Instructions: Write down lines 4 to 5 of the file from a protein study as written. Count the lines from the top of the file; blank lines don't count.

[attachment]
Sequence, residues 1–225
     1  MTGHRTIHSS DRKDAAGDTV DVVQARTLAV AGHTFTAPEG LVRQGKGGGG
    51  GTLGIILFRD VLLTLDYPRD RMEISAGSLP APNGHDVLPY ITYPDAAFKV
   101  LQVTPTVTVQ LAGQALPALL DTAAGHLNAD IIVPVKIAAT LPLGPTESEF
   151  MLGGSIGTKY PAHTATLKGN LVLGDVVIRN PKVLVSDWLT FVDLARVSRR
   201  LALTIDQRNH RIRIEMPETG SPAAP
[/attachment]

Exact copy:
   101  LQVTPTVTVQ LAGQALPALL DTAAGHLNAD IIVPVKIAAT LPLGPTESEF
   151  MLGGSIGTKY PAHTATLKGN LVLGDVVIRN PKVLVSDWLT FVDLARVSRR